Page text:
Rabbitwoman and Dogman

I wrote last week on the wonderful new work of public art in London entitled The Wildlife Table of Love in Paternoster Square. I mentioned in that post how I have long enjoyed seeing the public work of artists Gille and Marc around London and indeed in many other large cities around the world.

Two of the four Paparazzi Dogs that were taking my photo last year outside the Royal Exchange.

Some artwork seems to be on rotation, such as the Paparazzi Dogs that were outside the Royal Exchange for what seemed like just a little while.

Others like the 21 strong Herd of Hope Elephants at Spitalfields seem to be a semi-permanent display… which is wonderful as everyone loves them.

These two elephants above are Emoli and Tagwa and they are my favourite. Emoli was a victim of the climate crisis and discovered starving along the Voi River, and it is thought that his mother died from starvation due to a drought. Tagwa was rescued from Mount Kenya and suspected an orphan from human interference.

The whole display of course as well as being something nice to look at is to remind Londoners about the issues facing this particular species of mammal with whom we share the planet with.

My favourite though are Rabbitwoman and Dogman. Their names always make me chuckle as I used to have a near neighbour where I lived and she used to look and walk rather like a rabbit; at least in my way of thinking. She was never very pleasant though and I don’t think said ‘Hello’ once in 13 years.

However Rabbitwoman and Dogman are my favourite and they pop up all over London which is great as I do too and I enjoy seeing them.

Rabbitwoman is a half of Gillie and Marc’s most iconic duo, Rabbitwoman and Dogman. Together they tell the autobiographical tale of two opposites coming together to become best friends and soul mates. As unlikely animal kingdom companions, the Rabbit and the Dog stand for diversity and acceptance through love. Rabbitwoman has been chosen to tell the stories of women because she is also the embodiment of all women, as well as an individual. She is often out on many different adventures with Dogman, taking the lead in many of these, and living her life the way that she wants it, not how its has been dictated for her. She stands for what women can accomplish when they are confident within themselves and have the unfailing support from those they love.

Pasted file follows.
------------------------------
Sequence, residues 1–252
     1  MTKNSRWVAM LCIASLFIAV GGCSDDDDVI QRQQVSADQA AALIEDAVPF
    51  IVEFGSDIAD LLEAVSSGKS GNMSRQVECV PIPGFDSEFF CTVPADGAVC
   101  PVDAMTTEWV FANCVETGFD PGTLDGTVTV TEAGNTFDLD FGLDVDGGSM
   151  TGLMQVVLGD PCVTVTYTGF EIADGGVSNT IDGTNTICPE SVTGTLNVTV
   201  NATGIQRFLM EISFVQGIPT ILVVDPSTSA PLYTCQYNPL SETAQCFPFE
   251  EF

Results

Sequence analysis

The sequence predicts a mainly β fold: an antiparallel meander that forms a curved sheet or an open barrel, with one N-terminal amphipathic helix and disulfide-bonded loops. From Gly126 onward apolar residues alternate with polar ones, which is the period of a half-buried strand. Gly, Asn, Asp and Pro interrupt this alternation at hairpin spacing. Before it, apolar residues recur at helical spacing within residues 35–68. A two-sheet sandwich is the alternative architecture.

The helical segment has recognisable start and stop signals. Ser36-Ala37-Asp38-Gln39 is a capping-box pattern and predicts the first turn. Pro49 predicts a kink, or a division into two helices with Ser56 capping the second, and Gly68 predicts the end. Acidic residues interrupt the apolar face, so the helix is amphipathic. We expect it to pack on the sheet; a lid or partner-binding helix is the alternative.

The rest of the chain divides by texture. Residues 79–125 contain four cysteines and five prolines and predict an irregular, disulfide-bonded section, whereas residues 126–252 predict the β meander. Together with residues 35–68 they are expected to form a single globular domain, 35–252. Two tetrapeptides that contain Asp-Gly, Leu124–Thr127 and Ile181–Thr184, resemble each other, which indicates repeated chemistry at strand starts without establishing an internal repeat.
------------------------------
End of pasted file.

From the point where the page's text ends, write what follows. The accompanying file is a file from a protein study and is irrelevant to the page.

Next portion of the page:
The other half of the Rabbitwoman duo is Dogman, and he should not be forgotten in this story. Dogman recognizes that this is the time to take a step back to support Rabbitwoman and to celebrate her. This role is incredibly important for all men to play, staying by the women in their lives side, giving them the love and support they deserve and cheering them on to do the best that they can.

Whilst writing this I have found that it is possible to buy miniatures of the dynamic duo for home…. hmmmm!

About Stephen Liddell

I am a writer and traveller with a penchant for history and getting off the beaten track. With several books to my name including several #1 sellers. I also write environmental, travel and history articles for magazines as well as freelance work. I run my private tours company with one tour stated by the leading travel website as being with the #1 authentic London Experience. Recently I've appeared on BBC Radio and Bloomberg TV and am waiting on the filming of a ghost story on British TV. I run my own private UK tours company (Ye Olde England Tours) with small, private and totally customisable guided tours run by myself!
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